The following morning, we set off for Gorkhey. It was a 15 km decent from Phalut. The beautiful Singhalila range came into view for a while and then it abruptly disappeared when we entered a canopy with thick forest cover of chestnuts and oak. Even sunlight could not penetrate and it sure felt cold. During summer, these forests are a riot of colours with magnolias and rhododendrons in full bloom.
By autumn, however, all the flowers were long gone. In fact, once the monsoon rains set in, there is usually thick undergrowth of shrubs and other foliage and the flowing waters carve out channels along the trail. This makes the already difficult pathway, even more treacherous. We carefully walked along this slippery stretch with our trekking poles helping us to maintain balance. Trekking poles are a vital piece of equipment; they are a must-have on all treks. Some will use a slim tree branch or a bamboo pole as substitute, but I strongly recommend investing in sturdy trekking poles.
These regions are not popular with most trekkers and as such, one only rarely comes upon other trekking groups. Locals too are few and far between. And with the calmness all around, it is a delight to simply revel in the moment.
And perhaps this calmness rubs off on both man and beast. This thought dawned on me as I watched a local come up the hill on his Bhutia horse with a few goods. He seemed not-at-all perturbed by our presence. He simply glided up on his horseback. Come to think of it, these animals are nature’s 4×4 vehicles, taking people to places that are otherwise difficult to access.
Quiet reflections amid serene locales
Between the spectacular views, diverse thoughts, and the occasional waft of chill air, we’d walked for almost 8-9 kms before we took our first break. We refreshed ourselves with fluids and basked in the warm sun. As we descended further, the trees became larger and we knew we were now well below the tree line.
Not too long after, I was jolted out of my reverie by loud blaring music in the distance. It became louder still and we soon came upon a group of teenagers making their way up. One of them had a bluetooth device strapped to him and I couldn’t fault them. At their age, they are probably oblivious to Nature’s gift of quiet and serenity.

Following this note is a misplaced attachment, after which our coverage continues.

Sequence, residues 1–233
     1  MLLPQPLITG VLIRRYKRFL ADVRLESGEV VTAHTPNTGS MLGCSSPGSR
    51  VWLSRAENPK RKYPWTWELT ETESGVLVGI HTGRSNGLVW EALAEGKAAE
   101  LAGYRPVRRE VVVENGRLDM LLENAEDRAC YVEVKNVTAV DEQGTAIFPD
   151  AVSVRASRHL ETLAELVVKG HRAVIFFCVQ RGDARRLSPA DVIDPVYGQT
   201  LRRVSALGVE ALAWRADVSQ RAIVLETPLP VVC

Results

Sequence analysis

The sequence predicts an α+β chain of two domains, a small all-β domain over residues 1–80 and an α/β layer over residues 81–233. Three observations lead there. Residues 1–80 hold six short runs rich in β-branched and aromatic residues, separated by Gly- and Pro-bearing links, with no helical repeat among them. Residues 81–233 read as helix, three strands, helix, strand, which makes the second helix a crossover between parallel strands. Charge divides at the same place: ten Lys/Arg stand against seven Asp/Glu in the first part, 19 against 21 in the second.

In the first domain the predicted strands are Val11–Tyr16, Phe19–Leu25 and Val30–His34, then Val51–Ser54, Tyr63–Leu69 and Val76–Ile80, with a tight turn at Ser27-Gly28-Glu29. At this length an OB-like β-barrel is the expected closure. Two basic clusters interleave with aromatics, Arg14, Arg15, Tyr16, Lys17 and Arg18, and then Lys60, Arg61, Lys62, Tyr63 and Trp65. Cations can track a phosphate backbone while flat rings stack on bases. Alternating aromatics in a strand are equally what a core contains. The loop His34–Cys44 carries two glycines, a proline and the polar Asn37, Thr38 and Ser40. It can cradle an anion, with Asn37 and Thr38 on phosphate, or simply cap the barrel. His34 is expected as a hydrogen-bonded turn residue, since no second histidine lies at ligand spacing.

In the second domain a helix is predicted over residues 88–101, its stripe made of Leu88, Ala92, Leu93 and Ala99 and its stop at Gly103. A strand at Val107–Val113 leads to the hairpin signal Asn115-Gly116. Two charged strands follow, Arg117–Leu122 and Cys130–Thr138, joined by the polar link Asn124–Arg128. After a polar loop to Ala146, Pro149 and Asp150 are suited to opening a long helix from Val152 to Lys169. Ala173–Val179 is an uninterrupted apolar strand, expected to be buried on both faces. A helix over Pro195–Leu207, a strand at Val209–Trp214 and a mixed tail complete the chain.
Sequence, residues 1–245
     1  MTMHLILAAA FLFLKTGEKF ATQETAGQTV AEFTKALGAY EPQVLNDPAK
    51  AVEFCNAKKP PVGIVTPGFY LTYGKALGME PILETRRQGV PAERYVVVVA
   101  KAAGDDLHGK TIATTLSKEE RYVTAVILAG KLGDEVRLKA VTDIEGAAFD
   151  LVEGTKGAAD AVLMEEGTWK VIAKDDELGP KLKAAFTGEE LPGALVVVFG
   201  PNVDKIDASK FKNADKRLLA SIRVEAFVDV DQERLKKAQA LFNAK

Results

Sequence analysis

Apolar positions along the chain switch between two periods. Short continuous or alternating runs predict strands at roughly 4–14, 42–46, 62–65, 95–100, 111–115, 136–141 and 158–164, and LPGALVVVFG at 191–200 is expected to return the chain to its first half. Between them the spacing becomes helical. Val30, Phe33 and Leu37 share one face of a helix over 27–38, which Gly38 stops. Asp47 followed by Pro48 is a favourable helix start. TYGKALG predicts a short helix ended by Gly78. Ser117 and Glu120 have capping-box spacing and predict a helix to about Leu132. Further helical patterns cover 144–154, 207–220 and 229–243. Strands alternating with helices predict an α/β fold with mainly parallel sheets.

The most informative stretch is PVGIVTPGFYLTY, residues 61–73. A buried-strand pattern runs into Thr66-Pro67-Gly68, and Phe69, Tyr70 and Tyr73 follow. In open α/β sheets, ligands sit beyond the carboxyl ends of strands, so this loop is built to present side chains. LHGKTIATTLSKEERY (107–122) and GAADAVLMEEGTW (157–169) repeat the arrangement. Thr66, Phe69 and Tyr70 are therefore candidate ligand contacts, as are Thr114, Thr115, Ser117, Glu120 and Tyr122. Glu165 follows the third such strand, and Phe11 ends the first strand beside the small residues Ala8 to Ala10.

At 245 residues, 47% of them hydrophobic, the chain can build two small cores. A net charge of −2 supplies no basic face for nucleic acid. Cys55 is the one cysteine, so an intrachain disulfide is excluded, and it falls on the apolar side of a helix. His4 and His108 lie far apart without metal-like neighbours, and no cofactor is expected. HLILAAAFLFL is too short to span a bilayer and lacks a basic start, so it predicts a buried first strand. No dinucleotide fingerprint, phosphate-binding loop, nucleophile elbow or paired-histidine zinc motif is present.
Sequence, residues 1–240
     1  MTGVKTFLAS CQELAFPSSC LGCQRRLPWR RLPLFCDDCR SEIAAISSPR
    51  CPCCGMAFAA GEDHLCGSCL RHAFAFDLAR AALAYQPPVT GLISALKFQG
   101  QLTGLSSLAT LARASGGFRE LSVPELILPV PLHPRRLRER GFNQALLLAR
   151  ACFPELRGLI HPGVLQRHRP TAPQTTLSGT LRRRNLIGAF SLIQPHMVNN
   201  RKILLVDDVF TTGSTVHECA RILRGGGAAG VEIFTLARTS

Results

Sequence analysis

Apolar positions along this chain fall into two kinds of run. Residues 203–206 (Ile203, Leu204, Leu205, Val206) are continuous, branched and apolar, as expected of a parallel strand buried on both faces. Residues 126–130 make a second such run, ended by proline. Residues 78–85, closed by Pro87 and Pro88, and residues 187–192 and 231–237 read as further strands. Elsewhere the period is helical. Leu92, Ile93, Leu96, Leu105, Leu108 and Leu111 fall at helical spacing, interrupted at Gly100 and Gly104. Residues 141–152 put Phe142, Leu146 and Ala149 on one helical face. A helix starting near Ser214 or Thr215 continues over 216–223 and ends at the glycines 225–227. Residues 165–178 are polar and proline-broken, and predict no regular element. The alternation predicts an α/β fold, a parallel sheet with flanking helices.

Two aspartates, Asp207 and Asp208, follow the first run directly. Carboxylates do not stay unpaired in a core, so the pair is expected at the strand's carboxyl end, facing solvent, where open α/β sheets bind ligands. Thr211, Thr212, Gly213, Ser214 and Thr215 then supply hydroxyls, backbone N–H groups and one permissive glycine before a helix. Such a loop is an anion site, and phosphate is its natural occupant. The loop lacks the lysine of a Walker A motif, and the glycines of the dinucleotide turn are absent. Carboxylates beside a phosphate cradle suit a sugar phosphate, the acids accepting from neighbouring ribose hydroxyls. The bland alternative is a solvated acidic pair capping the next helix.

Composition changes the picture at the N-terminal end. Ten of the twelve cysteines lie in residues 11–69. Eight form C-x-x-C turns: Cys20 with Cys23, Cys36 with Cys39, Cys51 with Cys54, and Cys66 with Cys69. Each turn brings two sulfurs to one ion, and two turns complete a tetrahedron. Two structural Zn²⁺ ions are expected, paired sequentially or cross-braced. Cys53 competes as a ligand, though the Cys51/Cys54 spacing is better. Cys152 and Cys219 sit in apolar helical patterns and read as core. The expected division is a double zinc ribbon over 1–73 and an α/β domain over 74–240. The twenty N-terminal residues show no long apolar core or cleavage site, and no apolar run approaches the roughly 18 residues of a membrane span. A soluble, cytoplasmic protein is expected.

Gorkhey soon came into view, at some altitude below us. We’d covered the distance in a little less than 2.5 hours — at par with the time taken by locals. A sense of achievement came upon us and all the efforts at keeping fit, had certainly stood us in good stead.
Yogesh then showed us the way to our lodge. We had tea, took a much-needed shower and indulged in a hearty lunch, mostly comprising local vegetables. We were going to stay in Gorkhey for the night. Interestingly, this village had only received an electricity connection recently. There was still no health centre but generally, everyone seemed very happy and content. Their smiles only added to Gorkhey’s charm. I also spent considerable time chit-chatting with the locals, curious to know about their daily lives.
Later that night, as I retired to bed, I felt I was one of them. Thankfully, the lodge at Gorkhey was decently appointed with amenities that a current generation trekker would desire. We slept comfortably, a stark contrast to the night before in Phalut. This was our final night on this trek. The following morning, we would set out for Srikhola via Rammam. Although a 21 km stretch, Yogesh had shared that it was mostly across flat stretches and so it would be a cakewalk.
Tourism is a good source of income for the residents in these remote hamlets. During trekking season, there was usually a steady inflow of people, and visitors from neighbouring Sikkim too. Basically, if one crossed a bridge, it was Sikkim on the other bank.
The final leg
We had a hearty breakfast and after our goodbyes, we were once again on the trail. On this particular morning, I noticed my trekking companion seemed as though he was a high-octane burning rocket. It was the sound sleep I’m sure that got him charging ahead. In fact, both Yogesh and I found it difficult to keep pace with him. It even led Yogesh to comment that his pace seemed more fitting of a trail run than a trek.
We covered the distance of 9 kms in just about an hour. A brief halt in Rammam later, we continued onward to Srikhola. We were now in more hospitable altitudes and there were several settlements flanking the trail. The Srikhola bridge soon came into view, implying we’d reached our final point well ahead of time. It was good to see a trekkers’ group gearing up to make their way up. We exchanged pleasantries, and information regarding the trail and the weather.
We actually completed an 82 km circuit in four days. This was no mean feat for a trekking duo who were almost touching fifty. Despite the arduous walk, we felt great, our confidence levels soared, and we were on cloud nine. And the conclusion of each trek is marked by a bitter-sweet feeling too. It is possibly a mix of looking forward to the creature comforts we are so accustomed to. But at the same time, there is an unmistakable sense of heartbreak each time the wilderness must be left behind.
As I recount my trek to Phalut, I cannot help but derive deeper meaning from what Albert Einstein once said. He’d stated, “Look deep into nature and then you will understand everything better.”
This is the second part in a two-part series. The first part can be read here.